Andrew’s Brain is not for the light-hearted. “I can tell you about my friend Andrew, the cognitive scientist,” American author Doctorow begins. “But it’s not pretty. One evening he appeared with an infant in his arms at the door of his ex-wife, Martha. Because Briony, his lovely young wife after Martha, had died.” And from then on, in this slim, 200 page novel of epic proportions, clarity turns quickly into chaos.
In lyrical prose, with stark, grim humor, Doctorow takes us into the mind of a devastated man, strangely doomed to destroy all he holds dear. Put simply, he’s a hopelessly inept, well-meaning killer — a recipe for disaster. Andrew breaks toes, lets his dachshund get eaten alive before his eyes, causes car accidents, and even poisons his own child, and as the story develops his inadvertent crimes only grow in severity and scale. As he relates the tragedy of his life, we follow him in a journey across America — from New York to California and from Pennsylvania to Washington D.C. It’s a long and difficult journey, too, and Andrew isn’t afraid to digress. In between tales of dead children and dead wives, Andrew veers off on philosophical ramblings about truth, fate, and memory. “How can I think about my brain when it’s my brain doing the thinking?”, he asks at one point. "So is this brain pretending to be me thinking about it? I can’t trust anyone these days, least of all myself.” Clearly, Andrew is the very definition of an unreliable narrator; he is as confused and as haunted as readers are likely to be left.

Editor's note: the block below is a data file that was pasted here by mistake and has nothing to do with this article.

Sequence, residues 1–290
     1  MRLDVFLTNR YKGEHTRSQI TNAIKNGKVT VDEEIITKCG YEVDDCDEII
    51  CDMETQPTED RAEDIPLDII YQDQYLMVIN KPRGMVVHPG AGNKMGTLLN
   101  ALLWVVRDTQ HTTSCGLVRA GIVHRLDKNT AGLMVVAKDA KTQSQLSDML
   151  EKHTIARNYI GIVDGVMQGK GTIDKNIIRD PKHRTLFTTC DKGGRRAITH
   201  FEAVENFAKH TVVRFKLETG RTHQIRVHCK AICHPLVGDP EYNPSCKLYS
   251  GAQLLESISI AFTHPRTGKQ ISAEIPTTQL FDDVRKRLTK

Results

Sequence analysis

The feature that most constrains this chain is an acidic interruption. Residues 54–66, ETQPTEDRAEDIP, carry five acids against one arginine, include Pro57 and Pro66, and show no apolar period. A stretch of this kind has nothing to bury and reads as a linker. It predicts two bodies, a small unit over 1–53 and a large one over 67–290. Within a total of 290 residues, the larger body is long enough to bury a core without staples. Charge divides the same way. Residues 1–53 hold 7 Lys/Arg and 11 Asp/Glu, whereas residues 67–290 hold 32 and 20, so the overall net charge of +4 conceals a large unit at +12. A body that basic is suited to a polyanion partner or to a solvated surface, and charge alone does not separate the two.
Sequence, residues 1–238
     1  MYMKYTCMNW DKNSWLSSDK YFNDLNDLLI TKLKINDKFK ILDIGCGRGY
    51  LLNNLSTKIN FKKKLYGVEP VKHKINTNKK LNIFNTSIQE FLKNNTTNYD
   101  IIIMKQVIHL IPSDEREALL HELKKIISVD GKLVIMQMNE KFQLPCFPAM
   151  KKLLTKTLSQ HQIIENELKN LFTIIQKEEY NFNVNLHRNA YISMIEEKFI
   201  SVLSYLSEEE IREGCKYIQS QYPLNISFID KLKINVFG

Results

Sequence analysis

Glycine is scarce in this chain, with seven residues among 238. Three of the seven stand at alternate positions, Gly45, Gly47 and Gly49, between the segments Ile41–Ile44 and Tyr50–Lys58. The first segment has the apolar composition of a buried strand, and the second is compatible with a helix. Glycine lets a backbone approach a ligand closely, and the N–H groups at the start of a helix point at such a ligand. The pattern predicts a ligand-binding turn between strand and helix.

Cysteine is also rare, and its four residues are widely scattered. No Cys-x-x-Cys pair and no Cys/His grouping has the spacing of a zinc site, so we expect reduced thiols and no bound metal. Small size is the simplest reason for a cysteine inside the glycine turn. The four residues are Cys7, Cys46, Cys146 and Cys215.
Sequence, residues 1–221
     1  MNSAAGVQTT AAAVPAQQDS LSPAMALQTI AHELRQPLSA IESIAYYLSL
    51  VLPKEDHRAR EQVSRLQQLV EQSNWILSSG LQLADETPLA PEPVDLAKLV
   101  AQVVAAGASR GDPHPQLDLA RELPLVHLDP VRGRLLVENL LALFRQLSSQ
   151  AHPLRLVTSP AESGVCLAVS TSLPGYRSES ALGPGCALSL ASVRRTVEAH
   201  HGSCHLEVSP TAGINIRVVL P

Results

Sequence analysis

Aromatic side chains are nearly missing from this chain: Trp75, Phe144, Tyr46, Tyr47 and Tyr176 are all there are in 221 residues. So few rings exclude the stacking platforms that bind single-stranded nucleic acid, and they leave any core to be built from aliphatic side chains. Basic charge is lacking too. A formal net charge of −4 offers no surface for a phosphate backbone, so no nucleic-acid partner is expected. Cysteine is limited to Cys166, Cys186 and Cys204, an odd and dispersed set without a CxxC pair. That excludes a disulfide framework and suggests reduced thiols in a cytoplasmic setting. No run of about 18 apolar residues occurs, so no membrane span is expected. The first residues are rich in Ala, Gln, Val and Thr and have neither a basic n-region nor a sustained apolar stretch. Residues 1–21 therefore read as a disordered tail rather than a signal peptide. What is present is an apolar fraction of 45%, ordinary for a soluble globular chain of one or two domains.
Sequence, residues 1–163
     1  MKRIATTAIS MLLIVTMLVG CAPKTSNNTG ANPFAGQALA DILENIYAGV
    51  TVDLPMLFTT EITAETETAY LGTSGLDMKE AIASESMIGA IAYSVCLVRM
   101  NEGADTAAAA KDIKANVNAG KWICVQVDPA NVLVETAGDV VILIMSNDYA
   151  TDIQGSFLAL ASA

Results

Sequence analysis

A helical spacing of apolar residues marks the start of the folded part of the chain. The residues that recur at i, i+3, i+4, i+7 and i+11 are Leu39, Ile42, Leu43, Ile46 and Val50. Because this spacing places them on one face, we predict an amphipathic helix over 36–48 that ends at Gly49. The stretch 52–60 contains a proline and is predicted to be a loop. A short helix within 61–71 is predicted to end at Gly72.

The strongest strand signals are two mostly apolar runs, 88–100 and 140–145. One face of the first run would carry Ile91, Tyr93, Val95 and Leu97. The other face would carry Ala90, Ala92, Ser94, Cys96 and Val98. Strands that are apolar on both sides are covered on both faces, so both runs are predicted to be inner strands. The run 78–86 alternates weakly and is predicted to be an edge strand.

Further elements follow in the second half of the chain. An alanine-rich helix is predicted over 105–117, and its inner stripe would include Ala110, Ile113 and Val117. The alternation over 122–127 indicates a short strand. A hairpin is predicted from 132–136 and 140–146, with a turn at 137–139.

Who is Andrew? Does he even exist? And what are we supposed to make of this “mysteriously generated consciousness”? Few answers are offered, and none are concrete. We know nothing about Andrew’s current location, or even the identity of the character that occasionally interrupts his monologue(a government psychologist, perhaps?). To make things even more confusing, the story isn’t told in chronological order, and the narration shifts randomly between first and third person. Near the resolution, the story inexplicably turns from introspection to a political sketch of 9/11, and Doctorow goes off on tangents about Mark Twain.We are given a trail of crumbs that leads, it appears, to only more chaos.
“Is that cognitive science?” the psychologist asks, halfway through this chronicle of misery. Andrew’s answer is typical of him: “Not really. It’s more like suffering.” But for all its flaws, it’s difficult to say something as straightforward about the book itself, a work that is alternately painful and quietly consoling.
There is no doubt that Doctorow is a masterful writer, and that the story itself is compelling. Yes, Andrew’s Brain is exasperating — but it’s also lyrically, beautifully written, and, if you’re willing to suspend your disbelief, even moving. As a study of psychological trauma, it comes across as cryptic and uncertain; as a political analysis, it falls awfully flat. The author fails to successfully merge multiple genres, and to maintain a balance between ambiguity and clarity. But there are moments of brilliance in this book: its originality and aesthetic is admirable, and Andrew’s journey from despair to redemption is clumsily, but touchingly unfolded.
Doctorow’s new novel is as mystifying, and as mesmerizing, as the human mind.
This article originally appeared in the January 2015 issue of UNIT-E. It was written by Chelsea Liu, a student at the International School of Beijing.
UNIT-E was founded in the spring of 2010 with the aim of establishing a non-profit, student-run magazine for international students in Beijing. Staffed by current students from a range of international schools, the magazine provides an amalgam of cultural tidbits, fragments of Beijing student life, and a broad spectrum of unique perspectives from a diverse group of young adults.
Photo: Courtesy of Publisher